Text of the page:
Saturday, December 01, 2007

Qatar Leads World Autism Awareness Day Initiative

Map: U.S. Central Intelligence Agency.

As reported in the Gulf Times, the move to have the UN General Assembly declare April 2 as World Autism Awareness Day is being led by Qatar. The UN Human Rights Committee has already adopted the resolution which was co-sponsored by 50 countries and is expected to to be adopted by the 192-nation UN General Assembly early this month.

Qatar’s UN ambassador Nassir al-Nasser said at the UN Office in New York on Tuesday that HH the Emir Sheikh Hamad bin Khalifa al-Thani, and his wife HH Sheikha Mozah Nasser al-Misnad, took the initiative because of the high rate of autism in children in all regions of the world.

“HH Sheikha Mozah has made tremendous efforts to change the way the Qatari society views people with disability, and breaking the barrier of shame, of which this group and their families have been suffering,” he stated.

The draft resolution designates every April 2 as World Autism Awareness Day and asks all countries, UN bodies, international organisations and non-governmental groups to help raise autism awareness. The resolution describes autism as “a lifelong developmental disability that manifests itself during the first three years of life and results from a neurological disorder that affects the functioning of the brain.”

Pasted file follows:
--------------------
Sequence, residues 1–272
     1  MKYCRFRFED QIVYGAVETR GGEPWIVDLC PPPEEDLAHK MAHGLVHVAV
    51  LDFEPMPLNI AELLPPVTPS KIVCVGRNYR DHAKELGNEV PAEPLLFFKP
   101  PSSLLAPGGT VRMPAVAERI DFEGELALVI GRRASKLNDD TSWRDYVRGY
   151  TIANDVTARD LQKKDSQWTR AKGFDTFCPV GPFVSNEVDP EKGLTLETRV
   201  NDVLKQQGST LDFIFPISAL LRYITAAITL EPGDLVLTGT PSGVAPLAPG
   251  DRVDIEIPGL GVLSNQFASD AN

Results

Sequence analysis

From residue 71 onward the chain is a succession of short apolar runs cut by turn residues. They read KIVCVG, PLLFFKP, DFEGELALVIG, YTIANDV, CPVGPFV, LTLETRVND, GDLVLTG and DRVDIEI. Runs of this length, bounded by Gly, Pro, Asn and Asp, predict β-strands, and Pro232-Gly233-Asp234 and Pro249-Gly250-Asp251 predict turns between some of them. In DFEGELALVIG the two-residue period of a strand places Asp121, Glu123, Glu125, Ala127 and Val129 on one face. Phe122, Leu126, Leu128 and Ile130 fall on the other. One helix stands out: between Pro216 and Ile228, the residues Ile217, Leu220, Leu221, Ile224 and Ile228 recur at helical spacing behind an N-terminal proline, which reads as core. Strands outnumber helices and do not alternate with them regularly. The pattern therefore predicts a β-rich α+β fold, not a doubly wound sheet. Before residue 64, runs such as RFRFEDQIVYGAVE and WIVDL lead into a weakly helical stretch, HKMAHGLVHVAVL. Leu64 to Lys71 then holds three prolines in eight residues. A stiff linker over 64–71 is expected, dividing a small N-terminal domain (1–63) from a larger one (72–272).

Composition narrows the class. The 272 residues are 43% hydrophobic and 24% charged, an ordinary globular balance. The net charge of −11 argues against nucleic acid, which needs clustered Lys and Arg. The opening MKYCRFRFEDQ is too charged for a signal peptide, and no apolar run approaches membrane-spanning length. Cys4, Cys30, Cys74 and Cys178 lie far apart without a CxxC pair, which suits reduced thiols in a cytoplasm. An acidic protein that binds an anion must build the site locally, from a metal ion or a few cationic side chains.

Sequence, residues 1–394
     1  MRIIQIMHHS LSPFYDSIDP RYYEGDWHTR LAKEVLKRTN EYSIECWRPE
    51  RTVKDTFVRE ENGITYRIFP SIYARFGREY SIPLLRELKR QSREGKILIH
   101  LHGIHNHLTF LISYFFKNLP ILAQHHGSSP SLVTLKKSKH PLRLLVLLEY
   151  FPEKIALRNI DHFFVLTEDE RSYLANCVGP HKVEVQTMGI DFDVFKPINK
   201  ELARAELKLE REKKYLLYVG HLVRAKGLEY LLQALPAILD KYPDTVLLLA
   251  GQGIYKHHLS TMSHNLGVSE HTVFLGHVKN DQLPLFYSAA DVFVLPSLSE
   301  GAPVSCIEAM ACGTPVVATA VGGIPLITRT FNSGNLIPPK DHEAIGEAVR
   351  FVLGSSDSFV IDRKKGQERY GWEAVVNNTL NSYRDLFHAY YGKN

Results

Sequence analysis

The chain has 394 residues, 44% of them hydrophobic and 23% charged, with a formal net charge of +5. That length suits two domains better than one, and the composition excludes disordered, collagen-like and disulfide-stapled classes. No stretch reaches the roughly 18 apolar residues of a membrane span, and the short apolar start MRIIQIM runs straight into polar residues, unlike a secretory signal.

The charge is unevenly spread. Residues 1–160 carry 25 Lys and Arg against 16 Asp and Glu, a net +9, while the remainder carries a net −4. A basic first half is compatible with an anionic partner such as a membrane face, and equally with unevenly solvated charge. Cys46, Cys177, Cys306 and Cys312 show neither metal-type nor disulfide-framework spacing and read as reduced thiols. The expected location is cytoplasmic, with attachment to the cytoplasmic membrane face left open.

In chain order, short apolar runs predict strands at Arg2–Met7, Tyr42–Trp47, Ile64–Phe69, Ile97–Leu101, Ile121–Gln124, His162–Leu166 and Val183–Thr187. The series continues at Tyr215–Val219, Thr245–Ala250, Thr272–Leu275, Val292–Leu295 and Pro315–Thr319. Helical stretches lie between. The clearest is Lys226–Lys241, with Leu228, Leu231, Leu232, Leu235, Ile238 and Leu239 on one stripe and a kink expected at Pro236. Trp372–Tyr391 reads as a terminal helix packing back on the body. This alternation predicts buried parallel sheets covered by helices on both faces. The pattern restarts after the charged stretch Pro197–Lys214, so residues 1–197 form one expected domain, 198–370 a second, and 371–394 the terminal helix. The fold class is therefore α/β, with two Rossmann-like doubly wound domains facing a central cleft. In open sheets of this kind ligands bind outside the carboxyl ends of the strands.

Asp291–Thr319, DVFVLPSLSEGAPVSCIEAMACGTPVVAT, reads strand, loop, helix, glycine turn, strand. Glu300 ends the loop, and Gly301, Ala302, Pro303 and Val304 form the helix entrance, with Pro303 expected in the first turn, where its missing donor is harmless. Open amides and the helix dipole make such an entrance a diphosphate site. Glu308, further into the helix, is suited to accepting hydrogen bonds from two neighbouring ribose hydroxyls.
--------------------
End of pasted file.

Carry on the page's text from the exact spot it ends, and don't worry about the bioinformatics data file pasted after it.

Autism Speaks has been actively supportive of the resolution and is sponsoring an epidemiological study to measure the scale of the global autism epidemic, working with more than 20 countries to collect and share data that could help in deciding policies and research into causes, diagnosis and treatment. Bob Wright of Autism Speaks stressed the importance of a unified global effort to deal with the world autism crisis:

"The resolution’s call for action and observances on April 2 will bring autism organisations from all around the world together “in a single voice to fight this terrible disorder,” said Wright.

“By bringing autism awareness to a global level, we’ll give it a voice to the millions of children worldwide who are undiagnosed, misunderstood, abused and looking for help,” he added."

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